Maps, Directions and Differences In People

There are two types of people in this world: people who love maps and directions, and people who could just as happily do without them. Because opposites attract, these two different types of people often find themselves bound together as spouses, best friends, or roommates. Eventually, people who love maps and directions will find themselves on a road trip with the people who want to be spontaneous and travel without such extensive planning. This is where the trouble starts.

As soon as the engine turns over, or even hours before, the person who loves maps and directions will unfold a map and begin poring over various routes. The person who dislikes maps and directions will immediately bristle at the thought of following a map. After all, they know approximately where they are going; isn’t that good enough? It’s easy to see that a conflict is inevitable, and that this conflict, along with the very different styles of managing a trip, could cause ongoing problems throughout the road trip. However, it does not have to be this way. People who need maps and directions can take vacations and trips with people who dislike them, but only if they follow a few basic ground rules.

  1. Plan ahead. The trip will be much easier if everyone involved can agree on a master plan and trip philosophy before the car leaves the driveway. To what extent will maps and directions, along with other navigational and planning tools, be used? Once the people in question come to an agreement on this point, the rest will be easy.
  2. Compromise. Although it can be difficult to understand someone with a very different viewpoint, much less have a discussion with them, hearing your travel partner’s point of view and giving in on a few issues can make them feel better about giving you your own way when it matters to you. Maybe you can use the more rigid method of following maps and directions strictly for certain segments of the trip, while driving spontaneously during other times. Another good compromise is bringing along a map “just in case,” but not using it at most stretches of the trip.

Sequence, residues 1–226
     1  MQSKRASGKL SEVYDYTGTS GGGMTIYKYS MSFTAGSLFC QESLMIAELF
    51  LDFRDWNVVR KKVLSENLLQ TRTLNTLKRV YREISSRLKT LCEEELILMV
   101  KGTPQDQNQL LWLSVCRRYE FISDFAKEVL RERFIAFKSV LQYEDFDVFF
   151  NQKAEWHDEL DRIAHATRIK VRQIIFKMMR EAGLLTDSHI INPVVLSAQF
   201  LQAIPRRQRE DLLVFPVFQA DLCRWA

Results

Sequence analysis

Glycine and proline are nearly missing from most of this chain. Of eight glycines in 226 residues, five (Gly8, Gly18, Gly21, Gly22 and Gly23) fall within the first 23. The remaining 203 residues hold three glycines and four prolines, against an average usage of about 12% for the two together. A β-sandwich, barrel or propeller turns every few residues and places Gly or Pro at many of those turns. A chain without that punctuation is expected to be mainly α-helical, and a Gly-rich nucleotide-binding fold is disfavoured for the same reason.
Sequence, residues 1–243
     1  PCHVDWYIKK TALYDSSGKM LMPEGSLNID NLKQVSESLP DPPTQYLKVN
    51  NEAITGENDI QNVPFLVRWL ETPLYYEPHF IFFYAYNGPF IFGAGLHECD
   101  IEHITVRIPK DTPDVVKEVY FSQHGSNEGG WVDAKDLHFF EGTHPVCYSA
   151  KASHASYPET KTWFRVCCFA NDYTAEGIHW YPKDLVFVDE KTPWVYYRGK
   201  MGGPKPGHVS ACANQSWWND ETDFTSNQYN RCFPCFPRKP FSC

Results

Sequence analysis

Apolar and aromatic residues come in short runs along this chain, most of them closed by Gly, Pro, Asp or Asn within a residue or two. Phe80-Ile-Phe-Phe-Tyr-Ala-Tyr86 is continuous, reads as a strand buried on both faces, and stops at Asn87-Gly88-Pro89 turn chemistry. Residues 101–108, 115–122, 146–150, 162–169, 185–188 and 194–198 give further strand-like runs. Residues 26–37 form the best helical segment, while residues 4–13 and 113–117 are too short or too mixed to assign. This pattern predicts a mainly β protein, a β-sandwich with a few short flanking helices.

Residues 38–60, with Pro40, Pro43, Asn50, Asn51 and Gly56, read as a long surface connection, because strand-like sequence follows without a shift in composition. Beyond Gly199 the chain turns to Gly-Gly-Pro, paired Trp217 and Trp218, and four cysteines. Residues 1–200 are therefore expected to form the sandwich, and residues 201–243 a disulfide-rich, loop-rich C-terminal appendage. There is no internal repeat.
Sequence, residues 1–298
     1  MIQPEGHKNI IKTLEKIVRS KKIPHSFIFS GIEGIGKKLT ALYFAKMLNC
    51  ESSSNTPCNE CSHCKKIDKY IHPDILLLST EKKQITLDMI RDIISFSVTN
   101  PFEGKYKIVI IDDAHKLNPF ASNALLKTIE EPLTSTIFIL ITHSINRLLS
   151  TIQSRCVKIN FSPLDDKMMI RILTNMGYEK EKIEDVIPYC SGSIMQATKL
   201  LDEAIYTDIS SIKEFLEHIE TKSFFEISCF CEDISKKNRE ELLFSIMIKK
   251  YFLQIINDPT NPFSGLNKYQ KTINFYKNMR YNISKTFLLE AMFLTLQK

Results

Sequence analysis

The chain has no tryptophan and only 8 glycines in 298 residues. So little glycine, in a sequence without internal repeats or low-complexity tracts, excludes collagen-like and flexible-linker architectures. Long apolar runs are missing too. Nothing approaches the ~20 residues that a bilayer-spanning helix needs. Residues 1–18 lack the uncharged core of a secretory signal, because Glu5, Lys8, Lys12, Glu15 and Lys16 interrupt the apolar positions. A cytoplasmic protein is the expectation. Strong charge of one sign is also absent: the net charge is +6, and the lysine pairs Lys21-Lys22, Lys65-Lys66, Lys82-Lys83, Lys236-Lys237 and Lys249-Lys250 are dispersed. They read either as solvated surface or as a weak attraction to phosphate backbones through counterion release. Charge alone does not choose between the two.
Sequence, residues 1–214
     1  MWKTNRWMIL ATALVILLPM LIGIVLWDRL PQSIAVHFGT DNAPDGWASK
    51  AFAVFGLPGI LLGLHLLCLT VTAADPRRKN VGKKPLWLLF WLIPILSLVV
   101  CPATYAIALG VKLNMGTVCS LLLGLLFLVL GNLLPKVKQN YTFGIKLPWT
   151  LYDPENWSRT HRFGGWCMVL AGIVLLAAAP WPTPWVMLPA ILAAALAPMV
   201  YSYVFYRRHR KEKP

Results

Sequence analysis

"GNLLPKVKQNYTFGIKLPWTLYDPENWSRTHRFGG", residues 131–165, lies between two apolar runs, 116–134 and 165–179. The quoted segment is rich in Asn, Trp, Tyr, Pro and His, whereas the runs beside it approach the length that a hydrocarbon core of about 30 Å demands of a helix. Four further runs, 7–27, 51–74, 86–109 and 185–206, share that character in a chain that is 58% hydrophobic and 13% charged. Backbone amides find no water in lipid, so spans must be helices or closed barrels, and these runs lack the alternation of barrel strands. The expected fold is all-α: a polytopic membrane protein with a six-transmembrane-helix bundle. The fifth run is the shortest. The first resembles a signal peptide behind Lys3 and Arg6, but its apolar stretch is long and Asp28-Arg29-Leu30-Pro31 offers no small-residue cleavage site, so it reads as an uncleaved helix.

3. Be tolerant. Remember that there is a good reason the other person is in your life, most likely several great reasons in fact. We tend to choose people who are different from us for close relationships because we innately know that they will enrich our lives and expand our horizons.  The area of maps and directions is no exception. People who love maps and directions could probably benefit from putting aside their plans to simple enjoy the ride, while people who dislike maps and directions can often learn much from those who are more organized. There is room in the world for all types of people, and no one type is more important than another. Keeping this in mind will make it easier to understand and tolerate your differently minded road trip partner.

Taking a road trip with a person who is very different from you may sound like a nightmare, but with a little planning and a lot of patience, there is no reason this trip can’t be the trip of your dreams. Maps   and directions are important, but people are much more important. Taking a trip with someone you love should be a wonderful experience, so don’t let anything get in the way.